Photo days always start at 6:00am. I get up and shave my legs and face ; -) Then I drive the 50 miles to the Assos headquarters in Stabio, and a further 70 miles with Erwin to Milan where Linda (makeup artist) and Ivan (photographer) are waiting for us. A coffee, and then Linda covers me from head to foot in paint whilst we talk with Ivan about Italian politics, and then we start with the photos. It’s good to see all the latest innovations and products before anyone else, but it’s a pity I can’t take anything home with me! Apart from the challenge of not dirtying all the clothes with makeup, the hardest thing is keeping my eyes open. If there are lots of photos to take, then it can be quite difficult. The set measures about 2 by 3 metres, so the action photos aren’t easy either. I have to get on the bike, get going, pedal standing up or sitting down, and stop, all within 3 metres. But ultimately, that comes far more naturally to me than the static poses, can you tell? We take a relaxed lunch break and talk more about politics. I avoid carbohydrates, otherwise my eyes close even more, drink two coffees, have a makeup touch up, and then it’s back to the studio where we finish at about 5.00pm. I wash off the paint, say goodbye to Milan, and return home. And that’s it. Oh, and I forgot, during the journey, I have a good gossip with Erwin ; -).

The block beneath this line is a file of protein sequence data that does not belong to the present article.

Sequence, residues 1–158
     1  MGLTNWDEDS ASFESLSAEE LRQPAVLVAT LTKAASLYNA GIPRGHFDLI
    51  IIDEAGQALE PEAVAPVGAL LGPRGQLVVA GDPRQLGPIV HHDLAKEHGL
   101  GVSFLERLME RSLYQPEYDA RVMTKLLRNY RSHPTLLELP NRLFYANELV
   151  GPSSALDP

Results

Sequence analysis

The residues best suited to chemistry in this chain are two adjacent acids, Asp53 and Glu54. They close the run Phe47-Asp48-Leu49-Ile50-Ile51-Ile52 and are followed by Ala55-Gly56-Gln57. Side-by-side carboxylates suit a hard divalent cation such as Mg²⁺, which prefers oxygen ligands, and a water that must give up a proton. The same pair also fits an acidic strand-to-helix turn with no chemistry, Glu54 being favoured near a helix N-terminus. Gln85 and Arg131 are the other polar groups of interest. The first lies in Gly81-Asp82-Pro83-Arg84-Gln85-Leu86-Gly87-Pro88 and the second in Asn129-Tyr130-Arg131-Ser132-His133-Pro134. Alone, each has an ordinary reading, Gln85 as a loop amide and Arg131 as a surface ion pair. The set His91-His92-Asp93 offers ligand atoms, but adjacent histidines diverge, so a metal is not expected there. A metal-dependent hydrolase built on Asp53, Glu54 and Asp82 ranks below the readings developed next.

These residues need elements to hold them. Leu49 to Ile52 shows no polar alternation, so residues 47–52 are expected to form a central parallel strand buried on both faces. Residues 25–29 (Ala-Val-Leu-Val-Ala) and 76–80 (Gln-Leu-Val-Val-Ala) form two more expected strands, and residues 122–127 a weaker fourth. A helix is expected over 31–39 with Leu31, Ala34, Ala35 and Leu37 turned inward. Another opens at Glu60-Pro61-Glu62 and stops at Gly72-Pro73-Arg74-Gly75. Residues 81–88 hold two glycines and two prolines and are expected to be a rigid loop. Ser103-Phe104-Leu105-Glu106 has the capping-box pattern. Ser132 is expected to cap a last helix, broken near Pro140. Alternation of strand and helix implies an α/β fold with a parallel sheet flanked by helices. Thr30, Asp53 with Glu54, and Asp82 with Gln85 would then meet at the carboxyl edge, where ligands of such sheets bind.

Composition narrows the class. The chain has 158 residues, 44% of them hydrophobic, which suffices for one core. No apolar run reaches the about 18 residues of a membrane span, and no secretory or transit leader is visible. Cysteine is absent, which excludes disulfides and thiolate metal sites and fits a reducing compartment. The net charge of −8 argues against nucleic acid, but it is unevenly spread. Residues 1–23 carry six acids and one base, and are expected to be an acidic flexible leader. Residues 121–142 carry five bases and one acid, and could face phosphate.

I can’t tell if it’s intentional, but you seem to have an amazing awareness of your body position. For example, it seems like you’re able to maintain the same distance from your arm to your torso across an entire line of jersey photos. Is this precision just coincidence, or are you really just that good?
Haha. Don’t forget the amazing power of Photoshop!
I don’t really have much body awareness: I think, like most triathletes, I am very rigid. And apart from putting in hard efforts, I’m not able to do much. And you have to remember that I’ve been posing in the same five or six positions for the past eight years, and it’s not rocket science. It’s not like they’re asking me to moonwalk like Michael Jackson—I just have to stay still for a few seconds!
You’re obviously in incredible shape. Do you have any tips on how the rest of us can be as ripped as you?
Definitely. If you want to stay in great shape, my first tip is to do the thing that most of us probably love anyway—ride your bike! Secondly, something a bit more specific, get your diet as close to the Dr. Barry Sears Zone Diet as you can. It’s amazing how defined you can become without ever being hungry, and whilst maintaining the right energy levels for training—all while staying in a good mood.